On Sunday, May 1, just as soon as I got home from First Communion Mass and changed my clothes, Emma, Trevor, and I left for a week-long road trip. So many of you were curious about where we were going and what we were doing that it became a source of amusement to keep you guessing.
Now that we’re back, it appears some of our friends still insist there must be some method to our madness. Surely we didn’t drive 60-plus hours in seven days for kicks?
I assure you: there was very little method. Only madness. Or maybe dadness.
It all started in September 2008, when I took Bren (then 10) and Gabe (then 8) on a road trip to the East Coast for a Yankees game, a Yale football game, and various other amusements. We had a great time, and when we returned (and ever since), Emma and Trevor have reminded me I owed them a trip. We’ve talked about various destinations over the years, but when we got serious about a year or two ago, they agreed: they wanted to go to Florida.
“Florida,” I said. “Really? Florida?”
“Yes,” they insisted. “Everyone goes to Florida. We never have.”
Exactly, I thought. Everyone goes; we never do. What I said out loud was, “Well, if that’s your choice…but we’re not going to Disney or that kind of thing. If we’re going, we’re doing something I’ve never done.”
“Like what?” they asked.
“Like go to the Everglades. Or the Keys. Or go fishing.”
They looked at each other and grinned. “Okay!” they said.
“Alright,” I said, “I’ll start figuring it out.”
Their grins grew even bigger. “We’re going to Florida!”
They’ve been excited since.
I’ve been to Florida twice: once as a three-year-old (I have vague memories of visiting family and Disney World — Pirates of the Caribbean, Space Mountain, and Mickey’s big plastic cheek made lasting impressions) and again with the high-school marching band (I mostly recall the bus ride down and back, a big waterpark in Orlando with a crazy steep slide called Der Stuka, a.k.a. the Wedgiemaker, and not knowing the marching music because as a football player I rarely marched). My recollection of the state itself was pretty green ranch country punctuated by neon t-shirt shops, tourist-trap towns, and RV parks. I wasn’t excited to return, until I started planning the trip.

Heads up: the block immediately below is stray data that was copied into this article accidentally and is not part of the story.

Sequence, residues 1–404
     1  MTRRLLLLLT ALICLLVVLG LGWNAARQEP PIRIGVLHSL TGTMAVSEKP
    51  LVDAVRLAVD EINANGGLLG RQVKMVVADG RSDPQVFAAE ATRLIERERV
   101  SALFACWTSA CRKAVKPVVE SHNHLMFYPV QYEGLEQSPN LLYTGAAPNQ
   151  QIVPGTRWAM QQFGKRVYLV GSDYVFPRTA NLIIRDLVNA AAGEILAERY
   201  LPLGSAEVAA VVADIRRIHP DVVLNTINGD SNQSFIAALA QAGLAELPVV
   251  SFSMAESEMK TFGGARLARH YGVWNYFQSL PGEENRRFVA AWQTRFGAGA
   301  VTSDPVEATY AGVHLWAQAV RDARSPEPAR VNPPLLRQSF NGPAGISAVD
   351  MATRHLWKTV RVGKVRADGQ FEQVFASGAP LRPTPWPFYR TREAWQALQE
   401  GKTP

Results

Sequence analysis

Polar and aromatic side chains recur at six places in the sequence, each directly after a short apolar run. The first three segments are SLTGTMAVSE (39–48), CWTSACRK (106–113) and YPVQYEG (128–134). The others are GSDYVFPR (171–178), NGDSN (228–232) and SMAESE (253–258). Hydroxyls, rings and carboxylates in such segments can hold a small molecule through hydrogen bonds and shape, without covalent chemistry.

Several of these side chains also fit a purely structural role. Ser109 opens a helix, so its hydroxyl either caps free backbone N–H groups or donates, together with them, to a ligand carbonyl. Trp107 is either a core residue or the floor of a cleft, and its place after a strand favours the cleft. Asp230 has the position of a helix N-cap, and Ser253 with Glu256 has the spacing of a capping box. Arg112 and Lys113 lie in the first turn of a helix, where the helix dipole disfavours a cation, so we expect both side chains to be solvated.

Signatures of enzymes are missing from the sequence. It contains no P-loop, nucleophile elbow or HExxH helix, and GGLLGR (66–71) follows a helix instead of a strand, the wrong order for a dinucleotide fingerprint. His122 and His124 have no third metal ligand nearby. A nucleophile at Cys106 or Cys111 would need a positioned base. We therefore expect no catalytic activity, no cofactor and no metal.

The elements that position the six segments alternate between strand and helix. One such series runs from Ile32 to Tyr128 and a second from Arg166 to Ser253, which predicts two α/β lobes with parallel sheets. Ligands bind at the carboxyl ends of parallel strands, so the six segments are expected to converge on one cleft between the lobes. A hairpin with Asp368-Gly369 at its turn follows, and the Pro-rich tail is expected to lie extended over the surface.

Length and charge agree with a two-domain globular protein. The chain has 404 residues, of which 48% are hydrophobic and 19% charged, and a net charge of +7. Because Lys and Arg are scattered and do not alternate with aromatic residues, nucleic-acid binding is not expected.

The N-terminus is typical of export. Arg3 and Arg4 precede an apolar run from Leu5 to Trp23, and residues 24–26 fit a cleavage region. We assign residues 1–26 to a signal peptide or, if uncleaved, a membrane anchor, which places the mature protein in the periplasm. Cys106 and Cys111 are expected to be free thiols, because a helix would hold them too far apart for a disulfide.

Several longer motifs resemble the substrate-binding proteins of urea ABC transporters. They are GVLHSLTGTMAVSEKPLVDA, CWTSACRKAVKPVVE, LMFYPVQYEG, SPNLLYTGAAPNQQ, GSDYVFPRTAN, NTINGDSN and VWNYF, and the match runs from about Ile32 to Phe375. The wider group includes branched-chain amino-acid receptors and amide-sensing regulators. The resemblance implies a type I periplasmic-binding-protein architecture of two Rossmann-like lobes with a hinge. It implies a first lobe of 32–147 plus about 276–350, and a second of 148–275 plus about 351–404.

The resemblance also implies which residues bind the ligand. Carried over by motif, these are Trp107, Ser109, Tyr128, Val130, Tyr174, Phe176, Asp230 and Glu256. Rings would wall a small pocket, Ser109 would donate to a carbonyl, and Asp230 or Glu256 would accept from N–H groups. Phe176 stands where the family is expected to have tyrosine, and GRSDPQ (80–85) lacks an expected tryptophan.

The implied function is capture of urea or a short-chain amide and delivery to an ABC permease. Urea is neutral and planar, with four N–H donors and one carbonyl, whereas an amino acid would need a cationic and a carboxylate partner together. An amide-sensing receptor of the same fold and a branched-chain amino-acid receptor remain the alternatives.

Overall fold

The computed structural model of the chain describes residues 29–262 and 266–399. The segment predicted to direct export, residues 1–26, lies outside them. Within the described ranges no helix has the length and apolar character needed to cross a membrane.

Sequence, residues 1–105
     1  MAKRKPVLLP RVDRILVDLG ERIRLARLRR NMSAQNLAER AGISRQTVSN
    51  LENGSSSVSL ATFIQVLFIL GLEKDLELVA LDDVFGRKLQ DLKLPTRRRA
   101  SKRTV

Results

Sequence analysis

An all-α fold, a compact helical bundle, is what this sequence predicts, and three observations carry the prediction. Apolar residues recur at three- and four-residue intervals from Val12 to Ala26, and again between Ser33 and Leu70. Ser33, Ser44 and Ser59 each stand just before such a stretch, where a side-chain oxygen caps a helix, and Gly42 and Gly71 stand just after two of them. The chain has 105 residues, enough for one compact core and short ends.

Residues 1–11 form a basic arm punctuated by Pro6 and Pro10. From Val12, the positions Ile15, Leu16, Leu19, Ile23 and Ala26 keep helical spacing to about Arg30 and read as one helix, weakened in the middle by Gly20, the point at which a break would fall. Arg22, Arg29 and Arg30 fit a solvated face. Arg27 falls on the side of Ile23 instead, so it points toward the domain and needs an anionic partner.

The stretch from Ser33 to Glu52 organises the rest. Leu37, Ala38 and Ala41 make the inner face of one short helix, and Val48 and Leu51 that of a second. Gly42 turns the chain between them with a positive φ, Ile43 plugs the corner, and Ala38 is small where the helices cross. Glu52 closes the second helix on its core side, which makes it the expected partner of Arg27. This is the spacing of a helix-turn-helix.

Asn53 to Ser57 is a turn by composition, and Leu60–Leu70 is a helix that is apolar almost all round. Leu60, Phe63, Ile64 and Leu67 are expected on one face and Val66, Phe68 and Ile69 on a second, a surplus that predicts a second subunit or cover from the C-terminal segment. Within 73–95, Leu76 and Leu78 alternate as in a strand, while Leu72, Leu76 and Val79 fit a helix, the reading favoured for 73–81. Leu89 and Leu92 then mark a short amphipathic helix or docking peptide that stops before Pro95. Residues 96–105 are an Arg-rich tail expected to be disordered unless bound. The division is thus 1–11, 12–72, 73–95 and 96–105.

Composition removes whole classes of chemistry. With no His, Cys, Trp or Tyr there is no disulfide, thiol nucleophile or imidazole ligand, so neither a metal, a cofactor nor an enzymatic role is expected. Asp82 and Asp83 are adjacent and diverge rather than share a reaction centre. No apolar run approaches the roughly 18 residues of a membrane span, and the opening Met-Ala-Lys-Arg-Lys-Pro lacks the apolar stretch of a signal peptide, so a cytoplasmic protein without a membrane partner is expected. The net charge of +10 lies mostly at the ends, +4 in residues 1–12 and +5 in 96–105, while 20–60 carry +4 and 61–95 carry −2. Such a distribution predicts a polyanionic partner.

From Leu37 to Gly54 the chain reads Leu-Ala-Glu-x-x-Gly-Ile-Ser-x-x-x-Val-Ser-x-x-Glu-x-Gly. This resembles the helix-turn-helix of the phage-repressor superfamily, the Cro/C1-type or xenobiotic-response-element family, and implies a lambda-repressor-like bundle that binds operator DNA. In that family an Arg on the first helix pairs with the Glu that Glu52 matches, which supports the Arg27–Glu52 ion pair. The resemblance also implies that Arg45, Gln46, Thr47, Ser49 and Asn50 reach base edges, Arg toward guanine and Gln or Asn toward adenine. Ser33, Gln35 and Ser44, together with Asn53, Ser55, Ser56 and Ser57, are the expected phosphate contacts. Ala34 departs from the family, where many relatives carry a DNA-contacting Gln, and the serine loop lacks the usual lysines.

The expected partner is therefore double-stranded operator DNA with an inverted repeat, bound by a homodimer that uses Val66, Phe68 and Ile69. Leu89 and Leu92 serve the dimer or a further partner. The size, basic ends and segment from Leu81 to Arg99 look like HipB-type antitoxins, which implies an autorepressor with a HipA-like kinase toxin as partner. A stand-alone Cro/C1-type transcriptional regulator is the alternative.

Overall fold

Our purpose — our primary goal — was to drive to end of the road and eat good food along the way. That was it. Beyond that, I wanted to see gators in the Everglades; they hoped to see whales or dolphins and new country. Some months after we decided to go south, we connected with an Airedale breeder in Alabama, and thought, God willing, we might come home with a pup.
We knew before we left he wouldn’t have puppies for us yet, but we decided to stop through anyway to meet Randy and Pat and their dogs, which also enabled us to rendezvous at an old favorite spot for ribs in downtown Memphis (a place I used to love in a previous life, working for Hanley Wood Marketing and visiting our clients at FedEx).
Aside from no-see-ums the first night in the Keys and sunburn the next day, it was a great trip. I’ll share much more in words and photos in the coming days.